Various locations, January 9 to 19.
COMING SOON (WFUV)
1/10 Bowie Cello Symphonic “Blackstar,” Brookfield Place
1/11 They Might Be Giants, Bowery Ballroom
1/11 Big Bad Voodoo Daddy & Jake Shimabukuro, Sony Hall
1/12 Red Molly, Birds of Chicago, Teddy Thompson, Bowery Ballroom
1/13 Nellie McKay, Joe’s Pub
1/13 Kevin Eubanks and Orrin Evans, (le) Poisson Rouge
1/14 On Your Radar with John Platt, Rockwood Music Hall
1/14-15 Hamilton Leithauser, Cafe Carlyle
Fall Concerts (nycgo.com)
David Byrne’s American Utopia on Broadway
October 4, 2019–January 19, 2020
“The Talking Heads frontman hits Broadway with a show based on his latest album—but you can expect some old favorites as well.”
♦ Before making final plans, we suggest you call the venue to confirm ticket availability, plus dates and times, as schedules are subject to change.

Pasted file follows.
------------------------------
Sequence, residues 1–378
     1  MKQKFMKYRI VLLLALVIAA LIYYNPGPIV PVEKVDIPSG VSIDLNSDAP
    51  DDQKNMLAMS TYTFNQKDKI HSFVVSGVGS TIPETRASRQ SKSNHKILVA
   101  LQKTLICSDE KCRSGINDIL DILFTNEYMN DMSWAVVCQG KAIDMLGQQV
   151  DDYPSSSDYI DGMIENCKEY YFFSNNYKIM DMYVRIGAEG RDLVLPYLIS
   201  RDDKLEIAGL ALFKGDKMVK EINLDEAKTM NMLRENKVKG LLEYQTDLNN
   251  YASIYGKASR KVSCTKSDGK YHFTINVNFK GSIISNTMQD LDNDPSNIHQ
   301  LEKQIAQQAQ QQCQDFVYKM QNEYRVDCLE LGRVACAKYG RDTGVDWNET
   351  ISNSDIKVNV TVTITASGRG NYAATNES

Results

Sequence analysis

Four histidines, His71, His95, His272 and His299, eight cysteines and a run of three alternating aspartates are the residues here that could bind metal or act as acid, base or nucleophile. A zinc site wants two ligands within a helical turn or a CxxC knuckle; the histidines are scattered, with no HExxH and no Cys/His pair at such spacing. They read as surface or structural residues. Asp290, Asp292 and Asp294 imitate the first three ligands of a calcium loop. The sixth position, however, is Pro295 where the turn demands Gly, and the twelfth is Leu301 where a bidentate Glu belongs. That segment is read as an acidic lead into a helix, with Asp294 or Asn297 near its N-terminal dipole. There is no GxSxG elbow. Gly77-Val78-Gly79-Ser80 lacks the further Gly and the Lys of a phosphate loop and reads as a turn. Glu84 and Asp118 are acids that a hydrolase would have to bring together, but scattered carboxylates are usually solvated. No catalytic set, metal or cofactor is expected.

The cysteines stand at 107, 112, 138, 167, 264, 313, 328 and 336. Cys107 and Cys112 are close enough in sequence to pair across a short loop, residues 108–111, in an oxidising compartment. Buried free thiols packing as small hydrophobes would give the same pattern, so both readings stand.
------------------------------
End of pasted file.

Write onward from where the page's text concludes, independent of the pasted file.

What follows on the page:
♦ NYCity, with a population of 8.6 million, had a record 65 million visitors last year and was TripAdvisor’s Traveler’s Choice Top U.S. Destination for 2019 – the ninth consecutive year. But quality shows draw crowds. Try to reserve seats for these top NYC events in advance, even if just earlier on the day of performance.
A PremierPub / Upper West Side
Dinosaur Bar-B-Que / 700 W125th St. @ 12th ave.
Walk only five minutes from the 125th St. station on the #1 line to find this authentic honky-tonk barbecue joint. Some folks think Dinosaur is just a place to eat ribs. Not so. With 24 carefully selected taps, this is a place to drink beer, and eat ribs.
No food goes better with American craft ales than American barbecue. Dinosaur may be the best combo of good beer drinking and hearty eating in town, which makes the trip uptown to West Harlem totally worthwhile.